Louisiana is a state in the southeastern region of the United States.
As of April 2018, the population of Louisiana was estimated to be 4,682,509. It is the 25th most populous state in the United States.
Louisiana is the 26th largest state in the United States in terms of total area with 145,746 square kilometers (145,746 square miles).
Baton Rouge is the capital of the U.S. state of Louisiana and its second-largest city. It forms the parish seat of East Baton Rouge Parish and is located on the eastern bank of the Mississippi River.
New Orleans is the largest city and metropolitan area in the state of Louisiana, and occupies both sides of the Mississippi River. The heart of the city and its French Quarter is on the river’s north side.
Sea level salt marsh stretches along much of Louisiana’s constantly-changing Gulf of Mexico coastline, and inland for up to 40 kilometers (25 miles) in some spots. From there the land gently rises into a wide coastal plain (or prairies) with a few rolling hills to the east and west.
From central Louisiana to its northern border with Arkansas, the landscape of Louisiana elevates very slowly to its highest point (Driskill Mountain) standing at a mere 163 meters (535 feet) above sea level.
Louisiana has 5 national park and 21 state parks.
Jean Lafitte National Historical Park and Preserve protects significant examples of the rich natural and cultural resources of Louisiana’s Mississippi River Delta region. The park, named after the pirate Jean Lafitte, also interprets the influence of environment and history on the development of the unique Cajun regional culture. The park consists of six physically separate sites and a park headquarters.
The French Quarter, also known as the Vieux Carré (“Old Square”) or Vieux Carré Historic District, is the oldest section of the City of New Orleans. Founded in 1718 by Jean-Baptiste Le Moyne de Bienville, New Orleans developed around the Vieux Carré, the city’s central square. Today, the district is commonly known as the French Quarter, or simply “the Quarter,” a reflection of the diminished French influence after the Louisiana Purchase.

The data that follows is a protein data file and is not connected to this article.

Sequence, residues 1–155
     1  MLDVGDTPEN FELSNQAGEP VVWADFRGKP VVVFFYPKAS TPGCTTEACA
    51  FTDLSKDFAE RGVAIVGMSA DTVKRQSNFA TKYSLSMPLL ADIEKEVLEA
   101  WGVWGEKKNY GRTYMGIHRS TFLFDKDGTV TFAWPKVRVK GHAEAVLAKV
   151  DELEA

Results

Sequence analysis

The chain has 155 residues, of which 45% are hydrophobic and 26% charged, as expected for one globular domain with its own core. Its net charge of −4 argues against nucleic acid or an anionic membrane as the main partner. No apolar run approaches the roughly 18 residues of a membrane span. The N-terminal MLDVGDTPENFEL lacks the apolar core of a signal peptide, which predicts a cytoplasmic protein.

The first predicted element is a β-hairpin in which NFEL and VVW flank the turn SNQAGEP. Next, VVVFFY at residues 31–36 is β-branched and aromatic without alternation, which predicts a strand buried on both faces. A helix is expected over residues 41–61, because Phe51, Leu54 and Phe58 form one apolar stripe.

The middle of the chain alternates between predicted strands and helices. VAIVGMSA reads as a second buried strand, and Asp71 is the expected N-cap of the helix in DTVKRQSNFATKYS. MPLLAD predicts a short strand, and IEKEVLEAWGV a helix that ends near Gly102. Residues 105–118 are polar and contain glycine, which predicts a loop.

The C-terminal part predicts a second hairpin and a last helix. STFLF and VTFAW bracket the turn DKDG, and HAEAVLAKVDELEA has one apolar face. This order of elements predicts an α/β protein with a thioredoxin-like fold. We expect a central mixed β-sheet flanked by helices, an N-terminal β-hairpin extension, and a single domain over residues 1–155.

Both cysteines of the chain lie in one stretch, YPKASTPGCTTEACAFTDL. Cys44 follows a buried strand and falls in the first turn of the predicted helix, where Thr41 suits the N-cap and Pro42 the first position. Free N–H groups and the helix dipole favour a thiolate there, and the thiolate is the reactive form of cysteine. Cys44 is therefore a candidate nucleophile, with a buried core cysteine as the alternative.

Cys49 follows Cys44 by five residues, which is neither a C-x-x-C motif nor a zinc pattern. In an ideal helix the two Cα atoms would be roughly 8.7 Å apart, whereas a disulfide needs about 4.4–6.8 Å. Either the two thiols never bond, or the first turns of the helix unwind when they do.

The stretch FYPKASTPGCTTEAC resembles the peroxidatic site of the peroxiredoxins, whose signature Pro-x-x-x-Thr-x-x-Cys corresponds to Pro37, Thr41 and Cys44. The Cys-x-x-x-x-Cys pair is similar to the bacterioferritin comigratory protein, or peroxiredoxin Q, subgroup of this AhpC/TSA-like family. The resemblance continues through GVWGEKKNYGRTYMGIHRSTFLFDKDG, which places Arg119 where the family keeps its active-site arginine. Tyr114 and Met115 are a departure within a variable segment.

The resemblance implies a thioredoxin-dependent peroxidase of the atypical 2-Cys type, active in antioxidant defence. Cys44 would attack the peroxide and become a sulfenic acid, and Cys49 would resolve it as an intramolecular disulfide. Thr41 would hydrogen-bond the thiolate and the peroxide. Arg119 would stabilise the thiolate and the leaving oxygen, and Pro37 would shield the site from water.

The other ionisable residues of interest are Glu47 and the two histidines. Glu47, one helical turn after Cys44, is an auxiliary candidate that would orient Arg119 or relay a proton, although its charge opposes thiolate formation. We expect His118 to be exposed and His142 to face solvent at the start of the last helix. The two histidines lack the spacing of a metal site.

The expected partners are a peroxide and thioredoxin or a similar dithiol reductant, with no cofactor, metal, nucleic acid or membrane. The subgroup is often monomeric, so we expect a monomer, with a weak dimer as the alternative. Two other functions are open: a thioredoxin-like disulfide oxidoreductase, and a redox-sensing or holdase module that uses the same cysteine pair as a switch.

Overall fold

Jackson Square is a historic park in the French Quarter of New Orleans, Louisiana. It was declared a National Historic Landmark in 1960, for its central role in the city’s history, and as the site where in 1803 Louisiana was made United States territory pursuant to the Louisiana Purchase. In 2012 the American Planning Association designated Jackson Square as one of America’s Great Public Spaces.
Oak Alley Plantation is a historic plantation located on the west bank of the Mississippi River, in the community of Vacherie, St. James Parish, Louisiana, U.S. Oak Alley is named for its distinguishing visual feature, an alley (French allée) or canopied path, created by a double row of southern live oak trees about 800 feet (240 meters) long, planted in the early 18th century — long before the present house was built.
Frenchmen Street is in the Faubourg Marigny neighborhood of New Orleans. It is best known for the three-block section in the Marigny neighborhood which is home to some of the city’s popular live-music venues including Snug Harbor, the Spotted Cat, and the Maison in addition to restaurants, bars, bookstores, coffee shops, and other businesses.
The biggest event on Louisiana’s annual calendar is the Mardi Gras celebration that takes place in New Orleans. This colorful event is a huge undertaking with a parade, balls, and street celebrations like none other. Mardis Gras is the Tuesday before Ash Wednesday, but celebrations begin on the weekend leading up to Tuesday.
The National WWII Museum, formerly known as The National D-Day Museum, is a military history museum located in the Central Business District of New Orleans, Louisiana, on Andrew Higgins Drive between Camp Street and Magazine Street. The museum focuses on the contribution made by the United States to Allied victory in World War II. Founded in 2000, it was later designated by the U.S. Congress as America’s official National WWII Museum in 2003.
In 1803, Thomas Jefferson doubled the size of the United States by purchasing the Louisiana Territory—828,000 square miles of land between the Mississippi River and the Rocky Mountains—from France. Louisiana was the first of 13 states, or parts of states, to be carved out of the territory in 1812.
Louisiana was admitted to the union as the 18th state on April 6, 1812.
At 34 stories high and 137 meters (450 feet) tall, the Louisiana State Capitol is the tallest of all state capitol buildings.
The first opera performed in the United States was in 1796 in New Orleans.
Since 1835 the New Orleans & Carrolliton Line is the oldest street railway line still in operation.
Gueydan is known as the “Duck Capital of America” in recognition of its abundance of waterfowl.
Breaux Bridge is known as the “Crawfish Capital of the World.”
Rayne is known as the “The Frog Capital of the World.”